Mark Story

Mark Story: In replacing Neal Brown, the two big questions Mark Stoops must answer

Kentucky Wildcats offensive coordinator Neal Brown, left, and Kentucky Wildcats head coach Mark Stoops, right,  as the University of Kentucky played the University of Louisville at Papa John's Cardinal Stadium in Louisville, Ky., Saturday, November 29, 2014. This is fourth quarter college football action. Louisville won 44-40. Photo by Charles Bertram | Staff.
Kentucky Wildcats offensive coordinator Neal Brown, left, and Kentucky Wildcats head coach Mark Stoops, right, as the University of Kentucky played the University of Louisville at Papa John's Cardinal Stadium in Louisville, Ky., Saturday, November 29, 2014. This is fourth quarter college football action. Louisville won 44-40. Photo by Charles Bertram | Staff. Herald-Leader

Who Mark Stoops hires to replace Neal Brown as Kentucky offensive coordinator could be the most important decision the coach will make at UK.

In a perfect world, Brown, 34, would have stayed at Kentucky with Stoops until the rebuilding project they initiated two years ago was, if not complete, further along.

However, in coaching as in life, opportunity cannot be timed. Troy gave Brown a chance to become an FBS head coach before the age of 35. Had he stayed at Kentucky, there's no certainty such an opportunity would have come along again.

Before we move on to the factors Stoops must consider in replacing the former UK and Boyle County wide receiver, a word about Brown's two-year tenure running the Cats offense.

Though UK did not establish the degree of offensive identity anticipated, Brown took unjustified criticism.

No, the "New Air Raid" offense Kentucky had on the field these past two seasons bore little resemblance to the pass-happy attack Hal Mumme employed at UK in the late 1990s. This past season, Kentucky threw the ball "only" 33.8 times a game. However, in the three years (2010-12) Brown ran the offense at Texas Tech, the Red Raiders never threw the ball fewer than 44 times a game in any season. At Tech, Brown's offenses averaged 355.9 yards a game passing, 345.4 and 318.9.

That lends credence to the fact Kentucky simply did not have the personnel in place to run the kind of wide-open attack Brown employed in Lubbock.

If Brown's dream job is to some day come home as UK's head coach — and I suspect it is — he's better off going out on his own to build a head coaching resume rather than being a picked-apart Kentucky coordinator.

Ask Joker Phillips how the latter career course played out.

Moving forward, Stoops has some big questions to answer. Will UK stay in the "Air Raid" school for a new coordinator? Would more of a pro-style attack better fit the skills of incumbent Kentucky quarterback Patrick Towles?

The advantages of staying with a pass-oriented spread system are obvious. UK and Stoops are deep into their third year spent recruiting for that system.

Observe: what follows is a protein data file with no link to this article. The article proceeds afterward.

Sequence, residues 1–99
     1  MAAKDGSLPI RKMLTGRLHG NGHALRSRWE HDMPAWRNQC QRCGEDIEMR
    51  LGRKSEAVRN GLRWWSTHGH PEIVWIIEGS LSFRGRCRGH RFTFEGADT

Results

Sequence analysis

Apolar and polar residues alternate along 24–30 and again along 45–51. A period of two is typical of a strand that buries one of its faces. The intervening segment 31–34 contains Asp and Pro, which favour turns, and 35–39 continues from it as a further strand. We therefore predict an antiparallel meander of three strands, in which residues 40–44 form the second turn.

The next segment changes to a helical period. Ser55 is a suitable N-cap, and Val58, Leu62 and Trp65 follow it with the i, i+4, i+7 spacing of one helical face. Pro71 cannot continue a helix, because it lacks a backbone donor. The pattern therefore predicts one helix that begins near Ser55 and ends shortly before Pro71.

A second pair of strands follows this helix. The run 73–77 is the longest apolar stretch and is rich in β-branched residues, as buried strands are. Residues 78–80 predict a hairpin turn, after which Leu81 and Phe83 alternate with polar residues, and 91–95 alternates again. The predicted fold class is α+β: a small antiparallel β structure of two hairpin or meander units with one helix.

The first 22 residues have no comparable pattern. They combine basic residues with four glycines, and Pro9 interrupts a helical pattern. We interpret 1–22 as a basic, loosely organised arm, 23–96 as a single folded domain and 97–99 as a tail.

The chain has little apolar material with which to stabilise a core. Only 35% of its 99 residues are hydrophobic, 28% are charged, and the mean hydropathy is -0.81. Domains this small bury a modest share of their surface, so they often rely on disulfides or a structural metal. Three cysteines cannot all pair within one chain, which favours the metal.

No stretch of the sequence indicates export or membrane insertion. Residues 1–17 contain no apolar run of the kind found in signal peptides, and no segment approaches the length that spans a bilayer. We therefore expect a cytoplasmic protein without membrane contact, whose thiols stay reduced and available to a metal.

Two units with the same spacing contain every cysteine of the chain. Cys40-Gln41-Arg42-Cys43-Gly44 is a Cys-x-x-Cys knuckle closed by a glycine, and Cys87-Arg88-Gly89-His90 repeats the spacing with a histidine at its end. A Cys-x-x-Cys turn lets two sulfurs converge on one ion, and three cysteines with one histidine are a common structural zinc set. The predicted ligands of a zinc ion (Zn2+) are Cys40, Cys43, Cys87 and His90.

If Stoops plans to keep his remaining offensive assistants on staff, all except tight ends coach Vince Marrow are "Air Raid" guys.

Yet there are some arguments for Kentucky going to a more of a conventional attack. In his first year as Kentucky's starting QB, Towles had a better year statistically (see accompanying box) than either Andre' Woodson (2005) or Mike Hartline (2008) had in their redshirt sophomore seasons as first-time starters. Those two went on to become a good quarterback (Hartline) and a very good QB (Woodson) at UK.

At times, in his redshirt sophomore season, Towles showed an impressive ability to drive the ball down the field. However, the accuracy of the former Fort Thomas Highlands star tailed off badly late in the season. He completed only 50.8 percent of his passes in UK's final four games.

In an Air Raid, the single most important quality for a QB is the ability to throw short, accurate passes that hit playmakers in stride. Towles' performance late in the season raised anew the issue of whether he can consistently do that. Running a pro-style system, that would matter far less.

Already, the rumor mill is in overdrive with names to replace Brown.

From the Air Raid coaching tree are current East Carolina offensive coordinator Lincoln Riley , 31, a one-time Mike Leach disciple at Texas Tech and Murray State head man Chris Hatcher, the former Mumme-era UK assistant.

After East Carolina averaged 37.8 points and almost 544 yards of offense this season, Riley is one of the hotter names in the whirl of the coaching carousel. He may not be an easy "get."

Should Stoops prefer someone he has more personal familiarity with, current Cincinnati offensive coordinator Eddie Gran (35.2 ppg, 454 ypg) and Miami Hurricanes OC James Coley (26.5 ppg, 431 ypg) each worked with the Kentucky head coach on the staff at Florida State.

Florida offensive coordinator Kurt Roper, a former UK assistant who was part of David Cutcliffe's revitalization of Duke football, is presumably now a free agent.

What we do know for sure is that, for a head man with a defensive background such as Stoops, there's no more vital task than picking the right person to run the Kentucky offense.

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